Cereals have always been at the base of human food. Over time, man realized that these seeds could be harvested and at the same time, that they should be planted to ensure the supply. Thus, wild cereals became cultivated cereals, and so the man went from being a gatherer to being a farmer.

There are still villages in the world for which cereals are the only food for most of the year and there are others who consume it very often because of the supply of carbohydrates they provide. However, in developed countries their weight in food has been decreasing, especially in the last century. The main destination of cereals is human food, but also much grain is produced to feed the animals and supply the chemical industry.

Cereals are a staple in human food because of their nutritional characteristics, their moderate cost and also that they provoke a sensation of satiety, to increase its volume in the intestine, which in some societies is very important. Success in its production, storage and utilization has been central to the development of modern civilization.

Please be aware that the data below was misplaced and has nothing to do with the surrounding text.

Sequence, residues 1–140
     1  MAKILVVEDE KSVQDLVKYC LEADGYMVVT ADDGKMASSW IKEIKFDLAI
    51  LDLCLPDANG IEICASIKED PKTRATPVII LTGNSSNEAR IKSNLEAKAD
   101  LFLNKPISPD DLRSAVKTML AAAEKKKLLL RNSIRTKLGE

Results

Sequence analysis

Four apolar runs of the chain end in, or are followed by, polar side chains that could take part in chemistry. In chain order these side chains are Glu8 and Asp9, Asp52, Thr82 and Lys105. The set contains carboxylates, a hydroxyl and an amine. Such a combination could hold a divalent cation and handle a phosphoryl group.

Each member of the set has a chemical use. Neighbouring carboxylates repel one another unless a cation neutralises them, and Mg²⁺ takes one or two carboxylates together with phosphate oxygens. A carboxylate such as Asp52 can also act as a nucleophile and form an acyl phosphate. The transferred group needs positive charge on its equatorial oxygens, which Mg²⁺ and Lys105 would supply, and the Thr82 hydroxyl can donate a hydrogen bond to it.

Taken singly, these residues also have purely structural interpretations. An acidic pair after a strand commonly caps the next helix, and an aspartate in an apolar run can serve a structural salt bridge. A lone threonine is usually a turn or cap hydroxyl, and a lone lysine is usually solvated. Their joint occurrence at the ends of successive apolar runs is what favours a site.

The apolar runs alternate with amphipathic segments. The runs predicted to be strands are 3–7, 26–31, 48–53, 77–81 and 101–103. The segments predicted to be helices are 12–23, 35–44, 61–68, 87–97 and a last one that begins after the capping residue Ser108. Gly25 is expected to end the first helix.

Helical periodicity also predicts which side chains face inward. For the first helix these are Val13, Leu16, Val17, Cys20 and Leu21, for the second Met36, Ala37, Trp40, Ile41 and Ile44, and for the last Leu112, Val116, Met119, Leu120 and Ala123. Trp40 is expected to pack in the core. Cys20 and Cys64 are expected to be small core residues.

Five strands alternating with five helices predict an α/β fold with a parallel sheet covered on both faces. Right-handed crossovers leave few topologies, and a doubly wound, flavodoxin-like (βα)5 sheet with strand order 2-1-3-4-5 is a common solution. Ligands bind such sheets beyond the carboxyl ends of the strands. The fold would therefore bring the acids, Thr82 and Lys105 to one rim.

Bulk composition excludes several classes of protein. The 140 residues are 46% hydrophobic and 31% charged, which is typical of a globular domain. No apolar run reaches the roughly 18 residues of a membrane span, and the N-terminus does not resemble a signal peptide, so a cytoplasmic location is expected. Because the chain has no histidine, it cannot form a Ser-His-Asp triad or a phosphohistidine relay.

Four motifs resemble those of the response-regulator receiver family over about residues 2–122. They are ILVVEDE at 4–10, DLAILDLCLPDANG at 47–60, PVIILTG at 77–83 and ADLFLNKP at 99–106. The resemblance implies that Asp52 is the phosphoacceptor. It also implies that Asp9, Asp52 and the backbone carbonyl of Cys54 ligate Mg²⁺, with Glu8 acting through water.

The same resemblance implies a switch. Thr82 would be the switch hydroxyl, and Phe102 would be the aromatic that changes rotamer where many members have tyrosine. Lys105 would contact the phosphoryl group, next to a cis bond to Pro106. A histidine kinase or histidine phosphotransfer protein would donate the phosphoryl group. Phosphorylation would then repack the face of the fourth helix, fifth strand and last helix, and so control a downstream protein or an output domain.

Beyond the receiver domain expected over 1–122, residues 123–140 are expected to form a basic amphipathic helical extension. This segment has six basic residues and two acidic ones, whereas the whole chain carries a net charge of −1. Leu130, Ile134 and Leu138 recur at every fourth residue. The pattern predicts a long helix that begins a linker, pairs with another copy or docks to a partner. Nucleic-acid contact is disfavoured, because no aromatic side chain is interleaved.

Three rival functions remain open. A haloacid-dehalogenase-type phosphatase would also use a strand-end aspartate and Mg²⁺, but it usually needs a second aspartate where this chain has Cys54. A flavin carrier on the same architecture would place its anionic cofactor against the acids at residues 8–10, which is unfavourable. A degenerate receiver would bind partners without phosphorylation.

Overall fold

Cereals are a mainly energy food. They, along with their derivatives, are a source of carbohydrates, have few fats and their grains contain very little water, hence they are retained very easily. Their nutritional qualities are due to that they contain minerals like calcium, phosphorus, iron and in smaller quantity potassium. They contain all the vitamins of group B, lack vitamin A (except corn containing carotenes), vitamin E is in the germ, but is lost with the grinding of the grain and vitamin B1, is abundant and is conserved in the bran . The seed of the cereal is formed by the shell and the grain. The first is composed mainly of cellulose fibers containing vitamin B1 and when the grain is ground and the husk is removed, the bran is obtained. For its part, the grain is formed by the germ (containing proteins of high organic value) and the nucleus, composed of starch and, in some cases as wheat or oats, by a protein complex called gluten.

Wheat, millet, rice and maize are the four most consumed cereals in the world, but others such as rye, oats and barley are also important worldwide.

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Montse Gonzalez